Forgetting is something we are all familiar with.
What is fascinating about forgetting is how it can be viewed in so many different ways. The multiple ways in how it changes, becomes important to understanding better the texture of life that is full in its rich detail.
“To love until insanity” a good friend shared with me during a discussion of what it means to love unconditionally. Our ability to love unconditionally may require us to forget what another person has done or not done to hurt us in the past.
Forgetting here is like a glue that pieces together our egos after they have been damaged and now seek repair with each other. It also serves as an eraser, leaving only good thoughts in our heart with which to embrace our fellow man.
For radical change in an organization or our own lives, we sometimes need to forget what we know in order to piece together what may be possible. Forgetting here is used as leverage to help us possibly see a better and different future.
Forgetting is sometimes viewed by others as a fault. We can’t be trusted to finish something that was asked of us to do. Forgetting dissolves the trust that the other person had in us. We let them down.
Forgetting is sometimes used as our excuse for not really wanting to finish something. It keeps the pressure off us by not having to be honest with others.
At its extreme form, our constant display of forgetfulness leads others to stereotype us as an idiot or as an “absent minded professor”. The low expectations of us by others, caused by our forgetfulness, traps us like a spider web that is so hard to get out of as we age.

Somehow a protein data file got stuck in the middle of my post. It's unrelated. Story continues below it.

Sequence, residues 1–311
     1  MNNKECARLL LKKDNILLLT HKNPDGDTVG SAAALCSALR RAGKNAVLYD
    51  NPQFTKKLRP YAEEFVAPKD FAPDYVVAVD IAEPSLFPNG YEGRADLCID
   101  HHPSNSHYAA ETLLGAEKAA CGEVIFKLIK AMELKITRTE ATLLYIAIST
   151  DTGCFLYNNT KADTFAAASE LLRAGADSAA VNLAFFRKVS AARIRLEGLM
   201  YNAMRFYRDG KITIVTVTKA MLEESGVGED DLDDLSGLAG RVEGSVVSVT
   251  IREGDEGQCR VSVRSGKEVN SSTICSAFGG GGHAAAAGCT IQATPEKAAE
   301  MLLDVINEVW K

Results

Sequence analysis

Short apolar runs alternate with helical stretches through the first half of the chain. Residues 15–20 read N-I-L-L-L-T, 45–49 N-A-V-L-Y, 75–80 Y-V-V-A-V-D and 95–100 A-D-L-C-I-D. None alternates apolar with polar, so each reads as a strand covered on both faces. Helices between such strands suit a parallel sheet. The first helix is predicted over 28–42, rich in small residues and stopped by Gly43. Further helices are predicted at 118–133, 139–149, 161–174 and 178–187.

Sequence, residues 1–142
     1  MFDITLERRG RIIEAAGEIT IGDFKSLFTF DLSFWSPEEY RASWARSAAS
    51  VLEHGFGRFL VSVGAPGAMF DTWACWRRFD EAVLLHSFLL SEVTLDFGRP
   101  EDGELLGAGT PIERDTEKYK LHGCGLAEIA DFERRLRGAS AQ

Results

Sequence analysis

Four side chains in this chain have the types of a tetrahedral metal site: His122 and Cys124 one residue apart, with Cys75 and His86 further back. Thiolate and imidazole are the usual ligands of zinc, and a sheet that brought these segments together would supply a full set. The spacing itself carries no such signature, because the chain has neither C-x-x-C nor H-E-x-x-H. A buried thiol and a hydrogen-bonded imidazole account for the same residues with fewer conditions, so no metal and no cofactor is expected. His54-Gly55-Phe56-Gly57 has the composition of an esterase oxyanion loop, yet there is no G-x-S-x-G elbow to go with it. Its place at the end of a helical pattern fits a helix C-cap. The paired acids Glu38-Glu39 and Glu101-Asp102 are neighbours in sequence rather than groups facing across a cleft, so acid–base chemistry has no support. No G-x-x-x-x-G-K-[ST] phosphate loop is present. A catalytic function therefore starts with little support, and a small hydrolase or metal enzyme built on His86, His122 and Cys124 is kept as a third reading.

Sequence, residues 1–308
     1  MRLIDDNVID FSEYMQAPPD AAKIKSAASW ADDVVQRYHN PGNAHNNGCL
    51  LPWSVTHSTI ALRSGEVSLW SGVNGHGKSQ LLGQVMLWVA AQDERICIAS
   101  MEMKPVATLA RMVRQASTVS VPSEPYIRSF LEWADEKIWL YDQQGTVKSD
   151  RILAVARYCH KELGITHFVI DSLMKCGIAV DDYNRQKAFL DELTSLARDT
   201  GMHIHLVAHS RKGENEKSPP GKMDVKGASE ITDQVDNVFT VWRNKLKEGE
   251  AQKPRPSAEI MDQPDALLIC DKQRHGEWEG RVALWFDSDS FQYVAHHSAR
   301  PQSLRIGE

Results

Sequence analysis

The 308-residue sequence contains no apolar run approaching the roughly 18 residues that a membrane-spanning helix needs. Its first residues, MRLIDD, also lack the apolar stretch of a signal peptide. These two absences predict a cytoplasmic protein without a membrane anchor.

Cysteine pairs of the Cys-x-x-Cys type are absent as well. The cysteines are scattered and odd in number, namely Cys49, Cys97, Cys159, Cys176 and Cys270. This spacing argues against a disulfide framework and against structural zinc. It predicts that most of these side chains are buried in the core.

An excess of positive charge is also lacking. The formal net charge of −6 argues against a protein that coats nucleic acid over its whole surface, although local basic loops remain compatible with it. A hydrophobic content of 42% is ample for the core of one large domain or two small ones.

To forget can also be very helpful to keep our minds uncluttered. Forgetting “stuff”, especially from the past, sometimes protects us from the memory and hurt of a bad situation.
Other times, forgetting allows us to better focus on what is important to us in our own lives. When we forget we have more time to focus our attention on the present and what needs to be done to move our lives forward. It serves us well, at times, as a delete button in our old-fashioned lives.
Forgetting “in the moment” can be a very selfish act. Sometimes our selfishness can be good if it means that it propels us past our own self pity to get our lives back on track after a tragic event or series of events (divorce, death, severe illness, bankruptcy) to re-engage with life.
Forgetting “in the moment” can also be bad when it comes to doing something that doesn’t match up with the values we have been taught. When we do something and forget what the consequences will be by our actions.
Fascinating, isn’t it, that even though we all know what it means, forgetting and to forget can act in very different ways. While we don’t think about forgetting very often, it’s interesting to see all the ways we interact with it in our own lives.